When you think of Norton, the first thing that comes to mind is anti-virus and security software. Back when PCs were expensive and a household would only have one or two, the software approach made sense. But an average home of today is equipped with a far greater number of connected devices which will explode even further when IoT becomes more mainstream. Keeping each one of these devices updated, secured and protected will be a nightmare. So Norton is trying to solve the issue on a network-wide level with it's new Norton Core router.
Before you read any further, I want to point out that I haven't used or played with the Norton Core. It was introduced to me by Gareth Lockwood, Senior Product Director at Norton over a conference call a few weeks back. Gareth mentioned that the device will be introduced and showcased at the CES show currently happening in Las Vegas. So all the information you're going to read ahead is purely based on that conversation.
Lets start with the way the Norton Core looks like. Routers have changed over the years and no longer look like bricks with antennas sticking out. Companies like eero, Apple and Google are making routers blend really nicely in your living room and Norton pushes on that even further. The Norton Core does not look like a router from any angle. It looks more like an art piece.
Norton matches the beautiful design with very high-end specs. The Norton Core has a 1.7GHz dual core processor with 1GB or RAM and 4GB flash storage. Antenna configuration is a 4x4 MU-MIMO foundation and ultrafast 802.11ac Wi-Fi designed to achieve maximum throughput speeds of 2.5 Gbps. There's one Gigabit WAN port and three Gigabit LAN ports along with two USB 3.0 ports for connecting storage or printers. Coming to what makes this router special, the following is a set of security features that Norton has added on the Core:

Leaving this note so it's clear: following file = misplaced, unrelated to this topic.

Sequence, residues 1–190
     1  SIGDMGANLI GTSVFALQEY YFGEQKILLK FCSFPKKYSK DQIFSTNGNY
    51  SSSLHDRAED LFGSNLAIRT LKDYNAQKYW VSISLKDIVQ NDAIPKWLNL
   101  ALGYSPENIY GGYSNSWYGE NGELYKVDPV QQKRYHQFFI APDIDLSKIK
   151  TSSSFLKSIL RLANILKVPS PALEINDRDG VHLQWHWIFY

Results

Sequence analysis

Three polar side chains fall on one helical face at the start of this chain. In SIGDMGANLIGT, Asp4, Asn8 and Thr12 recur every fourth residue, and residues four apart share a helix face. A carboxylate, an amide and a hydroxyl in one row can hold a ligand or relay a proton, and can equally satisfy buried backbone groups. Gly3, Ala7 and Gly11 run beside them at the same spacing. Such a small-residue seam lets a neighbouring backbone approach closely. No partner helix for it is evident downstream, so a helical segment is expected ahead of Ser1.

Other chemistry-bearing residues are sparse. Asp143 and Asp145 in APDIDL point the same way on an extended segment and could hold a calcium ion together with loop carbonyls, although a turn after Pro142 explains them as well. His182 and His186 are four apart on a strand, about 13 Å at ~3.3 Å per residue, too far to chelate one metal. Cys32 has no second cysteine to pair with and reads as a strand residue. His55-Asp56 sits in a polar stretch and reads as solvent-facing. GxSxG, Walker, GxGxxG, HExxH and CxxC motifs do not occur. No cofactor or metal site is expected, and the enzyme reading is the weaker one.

- Secure Boot
- Deep Packet Inspection
- Intrusion Detection and Prevention system
- Unique Device Based Certificates
- Encrypted User Data and Communication
- Secure DNS
Although the Norton Core features high-end specifications and top notch security, Norton is planning on making the router simple and convenient to manage through an app on your smartphone. Norton will also automatically push firmware and security updates to the Norton Core to keep it up-to-date. Another advantage that the Norton Core offers is security for IoT devices that don't have any control panel and are at the mercy of manufacturers to update through firmware.
All-in-all, the Norton Core appears to be a solid router. About the only place where it could face challenge is competing with the new generation of routers that support mesh networking to cover larger houses and areas using multiple points. The Norton Core does not support that yet and you'll have to rely on traditional extenders to increase coverage which ends up slowing down your network performance.
The Norton Core is expected to launch in the middle on 2017.